When Montgomery County state’s attorneys set out to prove David Rich Hang killed his estranged stepdaughter in her Gaithersburg home May 31, 2011, one of the first pieces of information they secured for trial were records from cell phone towers used by Hang’s phone that day.
And while the records presented by prosecutors seemed to place Hang near the scene of the crime — 745 Raven Ave. — at key times that afternoon, county public defenders were able to create enough doubt in the minds of jurors to keep their case alive. The jury eventually convicted Hang of the first-degree murder of 12-year-old Jessica Nguyen, but the most damning evidence in his case came in the form of DNA data retrieved from the sheath of a small sword found at the scene, not cell tower data.
Requesting records and cell phone data has become a standard procedure for attorneys and police in most major criminal investigations, but experts are quick to point out that the records are kept for billing purposes, not locational data, making them much less precise than GPS tracking for determining a suspect’s exact location. Nonetheless, cell tower data can be useful.
When a user places a call on a cell phone, service for that call is provided by the tower with the strongest signal in the immediate area, said Chris Taylor, a telecommunications expert for Virginia-based CyTech Services. Even so, the nearest tower isn’t always the closest to the caller, he said.
“Your phone is tracking up to 12 cell towers at any given time, and whichever tower is providing the strongest signal, your phone is going to say, ‘I want that tower to provide the services for this call,’” he said, explaining that a single call can be “handed off” to several different towers between the time the call is made and when it ends, all of which are logged in tower records.
In ideal conditions with level ground and no interference from tall buildings or the like, the average cell tower can serve a 20-mile radius, Taylor said. In a more densely populated area like much of Montgomery County, cell towers often are bunched closer together to ensure reliable service between buildings and other obstructions, he added.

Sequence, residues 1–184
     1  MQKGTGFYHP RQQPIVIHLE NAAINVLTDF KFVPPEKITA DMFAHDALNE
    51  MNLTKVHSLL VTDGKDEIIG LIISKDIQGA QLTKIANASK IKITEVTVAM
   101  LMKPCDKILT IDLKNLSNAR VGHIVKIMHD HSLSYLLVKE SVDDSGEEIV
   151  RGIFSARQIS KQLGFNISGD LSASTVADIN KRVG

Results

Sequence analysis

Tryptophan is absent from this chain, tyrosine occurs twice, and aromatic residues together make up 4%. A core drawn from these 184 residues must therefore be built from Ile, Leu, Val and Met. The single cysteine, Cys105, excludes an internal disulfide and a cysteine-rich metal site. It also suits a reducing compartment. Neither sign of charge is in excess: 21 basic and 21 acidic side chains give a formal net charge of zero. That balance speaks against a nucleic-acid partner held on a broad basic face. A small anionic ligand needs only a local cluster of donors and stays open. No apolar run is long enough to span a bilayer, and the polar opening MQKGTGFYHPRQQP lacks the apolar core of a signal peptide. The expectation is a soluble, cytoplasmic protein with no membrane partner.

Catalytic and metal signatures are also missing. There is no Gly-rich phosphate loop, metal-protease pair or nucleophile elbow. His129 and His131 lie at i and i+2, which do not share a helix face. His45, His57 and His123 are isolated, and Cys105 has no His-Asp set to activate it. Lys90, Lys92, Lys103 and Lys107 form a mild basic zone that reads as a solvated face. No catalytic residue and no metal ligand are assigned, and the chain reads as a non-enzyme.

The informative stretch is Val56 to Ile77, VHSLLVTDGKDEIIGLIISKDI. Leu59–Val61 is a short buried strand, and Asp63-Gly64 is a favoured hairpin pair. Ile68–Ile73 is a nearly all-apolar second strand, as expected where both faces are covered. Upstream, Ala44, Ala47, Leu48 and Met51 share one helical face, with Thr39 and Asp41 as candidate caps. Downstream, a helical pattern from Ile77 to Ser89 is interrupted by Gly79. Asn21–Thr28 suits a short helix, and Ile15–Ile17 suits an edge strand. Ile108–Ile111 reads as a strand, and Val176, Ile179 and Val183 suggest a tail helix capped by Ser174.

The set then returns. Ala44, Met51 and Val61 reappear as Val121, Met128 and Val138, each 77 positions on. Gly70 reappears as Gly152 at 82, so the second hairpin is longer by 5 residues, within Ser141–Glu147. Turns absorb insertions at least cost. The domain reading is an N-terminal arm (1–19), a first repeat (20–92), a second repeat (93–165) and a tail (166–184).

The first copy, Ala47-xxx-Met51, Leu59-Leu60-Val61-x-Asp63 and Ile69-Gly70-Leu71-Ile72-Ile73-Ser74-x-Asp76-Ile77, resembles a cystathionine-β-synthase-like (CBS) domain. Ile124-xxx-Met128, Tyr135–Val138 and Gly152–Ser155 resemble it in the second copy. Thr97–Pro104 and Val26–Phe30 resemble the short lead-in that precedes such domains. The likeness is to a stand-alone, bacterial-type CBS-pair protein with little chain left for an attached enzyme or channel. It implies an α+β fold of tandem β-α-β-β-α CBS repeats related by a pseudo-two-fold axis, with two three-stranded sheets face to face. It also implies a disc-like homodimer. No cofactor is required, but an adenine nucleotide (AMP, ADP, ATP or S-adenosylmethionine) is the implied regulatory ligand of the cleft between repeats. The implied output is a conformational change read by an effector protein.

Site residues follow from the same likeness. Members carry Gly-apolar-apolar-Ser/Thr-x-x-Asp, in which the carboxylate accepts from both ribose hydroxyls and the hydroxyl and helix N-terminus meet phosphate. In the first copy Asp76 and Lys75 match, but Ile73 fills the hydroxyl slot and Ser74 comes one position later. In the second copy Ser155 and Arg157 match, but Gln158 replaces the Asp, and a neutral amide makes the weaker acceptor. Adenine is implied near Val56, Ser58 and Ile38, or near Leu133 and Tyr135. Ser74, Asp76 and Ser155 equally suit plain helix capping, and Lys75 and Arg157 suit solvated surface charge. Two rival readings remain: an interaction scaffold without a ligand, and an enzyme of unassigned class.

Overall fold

“It’s still relatively accurate; we did a case in Montgomery County a little while back where we were able to narrow it down to a single apartment building where the call was being placed from,” he said.
In spite of this, using cell tower records for locational data often is seen as a double-edged sword by attorneys, said Montgomery County Public Defender Brian Shefferman.
“When I’m using them to prove my client’s innocence and they do tend to prove my client’s innocence, then they’re very reliable, but when the prosecution is trying to use them to prove my client’s guilt, then obviously they’re totally unreliable,” Shefferman said with a laugh.
While he has subpoenaed cell tower records frequently in the past, Shefferman attempted to block prosecutors from entering similar data at Hang’s trial. Shefferman has seen several cases overturned by cell tower data, but he believes that, given their lack of precision, such data is perhaps best used as a general indicator and not the basis of an entire case.
“If somebody says, ‘Look, I was in California when this thing happened,’ and it turns out there’s tons of phone calls from the state of Maryland, then, okay, that’s one thing, but when you’re trying to get extremely precise locations, frankly, I think it’s really unclear how reliable that is,” he said.
Police relied on cell tower records for a similar purpose just prior to the Oct. 13, 2011, arrest of Curtis Maurice Lopez, who originally told police he was in New Jersey when they called to interview him regarding the killing of his estranged wife and 11-year-old stepson in Germantown. Cell tower records obtained that same day indicated Lopez’s phone was “pinging” off towers in North Carolina, where he was arrested, police said.
County State’s Attorney John McCarthy agreed with Shefferman that tower records are best used to support an attorney’s version of the facts. While DNA evidence played a bigger role in Hang’s conviction, the cell tower records helped “poke holes” in the defense’s statements.
As in any circumstance where technical data is being presented to a jury, attorneys also must take care to provide experts who can fluently explain the value — and limitations — of the data, McCarthy said.
“They know and recognize the stuff is coming, they have people who are skilled and can explain the information,” he said. “It's become standard operating procedure for them as well as for us.”
Audrey Chang, an AT&T spokeswoman, declined to provide details regarding the company’s policy on releasing records, but AT&T does require a subpoena from court or local law enforcement before records are provided, she said.